|Date(s):||October 24, 1851 to August 17, 1855|
|Course:||“Rise And Fall of the Slave South,” University of Virginia|
In October of 1851, nine Baptist churches in Appalachia came together to form an association. The Stony Creek Primitive Baptist Association began with nine churches: Stony Creek, Copper Creek, Three Forks Powells River, Moccasin Creek, Blue Spring, Red Hill, Tom's Creek, Big Glade and Crane's Nest. By 1854, the association had grown to 11 churches, with Little Stonegap and MC Cluse as the new additions. At the first meeting, they formed their Constitution. The Preamble of their Constitution read: we [are]... convinced of the necessity of a combination of churches in order to perpetuate an union and communion among us and preserve and maintain a correspondence with each other in our union. At the second meeting on October 25, David Jessee, Jr., the elected moderator, proceeded to business. The seventh item of business called for the union of the churches, including those with representatives present, of Primitive Baptists. In explaining the terms of the association agreement, Jessee stated, For the safety and union of the churches, we advise our churches not to invite members of other denominations to...council and we think it disorder for any church or pastor to do so.
This policy passed by the Association in its founding days intended to exclude other denominations from the Association. This rule illustrated the belief that they had to maintain the sanctity and purity of their faith. In order to do this, they had to exclude other denominations from their association to form a more perfect union. This exclusion was not a policy that the members conjured up themselves. Rather, their faith instructed them to bring the church back to the first churches, or primitive churches, set forth in the Bible. They merely followed the early foundation laid before them of the earliest churches, who admitted only those who converted, professed faith in Christ, and underwent baptism by immersion. If the necessity arose and a member disobeyed these maxims, he would be excommunicated. Just as a member could be excommunicated from a congregation, a church could be excluded from an association. Primitive Baptists excluded the beliefs of other denominations, which seemed to them impure and false if conflicting with Primitive Baptist belief. For Primitive Baptists, their adherence to discipline in the church reflected their larger purpose of purity in the church.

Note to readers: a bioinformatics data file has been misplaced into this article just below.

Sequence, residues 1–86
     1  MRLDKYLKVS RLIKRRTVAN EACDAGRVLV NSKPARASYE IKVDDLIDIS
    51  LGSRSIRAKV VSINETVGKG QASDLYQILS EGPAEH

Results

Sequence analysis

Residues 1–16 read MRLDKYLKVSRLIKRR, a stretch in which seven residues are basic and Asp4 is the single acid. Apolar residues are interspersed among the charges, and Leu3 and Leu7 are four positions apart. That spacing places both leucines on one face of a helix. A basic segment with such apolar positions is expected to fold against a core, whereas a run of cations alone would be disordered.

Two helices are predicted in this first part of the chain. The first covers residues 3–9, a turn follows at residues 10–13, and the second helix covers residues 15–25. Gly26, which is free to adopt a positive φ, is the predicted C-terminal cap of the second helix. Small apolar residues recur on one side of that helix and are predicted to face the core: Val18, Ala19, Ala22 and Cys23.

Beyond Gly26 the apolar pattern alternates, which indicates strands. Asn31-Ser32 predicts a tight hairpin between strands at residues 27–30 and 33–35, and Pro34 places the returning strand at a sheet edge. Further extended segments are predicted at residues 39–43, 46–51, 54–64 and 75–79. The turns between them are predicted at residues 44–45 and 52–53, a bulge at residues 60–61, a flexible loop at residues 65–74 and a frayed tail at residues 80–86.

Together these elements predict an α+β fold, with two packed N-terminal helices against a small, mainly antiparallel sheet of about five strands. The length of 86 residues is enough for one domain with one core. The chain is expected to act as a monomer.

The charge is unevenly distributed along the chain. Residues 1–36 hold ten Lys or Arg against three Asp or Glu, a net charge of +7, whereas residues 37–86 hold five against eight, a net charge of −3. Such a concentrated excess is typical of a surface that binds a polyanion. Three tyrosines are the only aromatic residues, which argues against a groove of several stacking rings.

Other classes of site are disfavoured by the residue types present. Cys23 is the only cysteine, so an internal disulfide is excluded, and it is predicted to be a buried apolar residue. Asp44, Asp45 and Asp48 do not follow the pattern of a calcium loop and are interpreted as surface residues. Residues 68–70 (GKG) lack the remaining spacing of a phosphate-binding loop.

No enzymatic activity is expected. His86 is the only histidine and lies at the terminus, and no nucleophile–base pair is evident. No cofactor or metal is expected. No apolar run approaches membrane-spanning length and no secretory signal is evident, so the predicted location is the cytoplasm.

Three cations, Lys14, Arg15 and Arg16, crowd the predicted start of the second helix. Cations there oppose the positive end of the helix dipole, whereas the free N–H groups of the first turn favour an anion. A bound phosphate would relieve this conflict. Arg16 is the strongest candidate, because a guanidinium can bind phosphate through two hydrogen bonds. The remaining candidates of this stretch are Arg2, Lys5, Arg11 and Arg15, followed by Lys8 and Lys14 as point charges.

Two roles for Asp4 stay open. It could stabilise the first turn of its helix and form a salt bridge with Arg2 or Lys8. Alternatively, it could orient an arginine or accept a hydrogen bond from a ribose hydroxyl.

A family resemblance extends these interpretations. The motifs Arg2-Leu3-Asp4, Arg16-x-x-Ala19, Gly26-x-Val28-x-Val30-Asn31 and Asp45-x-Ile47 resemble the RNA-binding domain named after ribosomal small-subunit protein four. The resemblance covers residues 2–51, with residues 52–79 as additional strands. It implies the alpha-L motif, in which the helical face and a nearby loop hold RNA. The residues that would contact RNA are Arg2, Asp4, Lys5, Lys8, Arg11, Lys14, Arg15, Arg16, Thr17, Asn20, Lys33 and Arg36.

Primitive Baptists were not the only denomination that emphasized purity. While there was an emphasis on purity for mainline Baptists as well, the two differed on their implementation of discipline within the church in order to maintain that purity. Baptists believed that issues of discipline could be solved within each congregation. On the other hand, Primitive Baptists believed issues of discipline should be settled on the broader scale involving multiple churches. Associations, such as the Stony Creek Primitive Baptist Association, acted as regional forms of church government. Baptists, on the other hand, believed associations interfered with the right of each congregation in matters of discipline; therefore, they settled discipline disputes in house. However different their views regarding associations, both Baptists and Primitive Baptists regarded discipline as the method to maintaining purity in the church. Whenever a congregation or association strengthened its campaign for discipline, this indicated an increase in spiritual vigor, because these organizations had to maintain that enthusiasm by keeping what they deemed unfit beliefs out of their organizations. Baptists in the South, regardless of being primitive or not, used practices of exclusiveness to maintain their purity. Purity to them was important to maintain principles in the church. They believed that members of a congregation or a church in an association with unorthodox beliefs would make the general reputation suffer, thereby undermining their evangelistic mission. In order to sustain their reputation, this concept of purity became essential to them in spreading their faith not only in Appalachia, but all over the nation.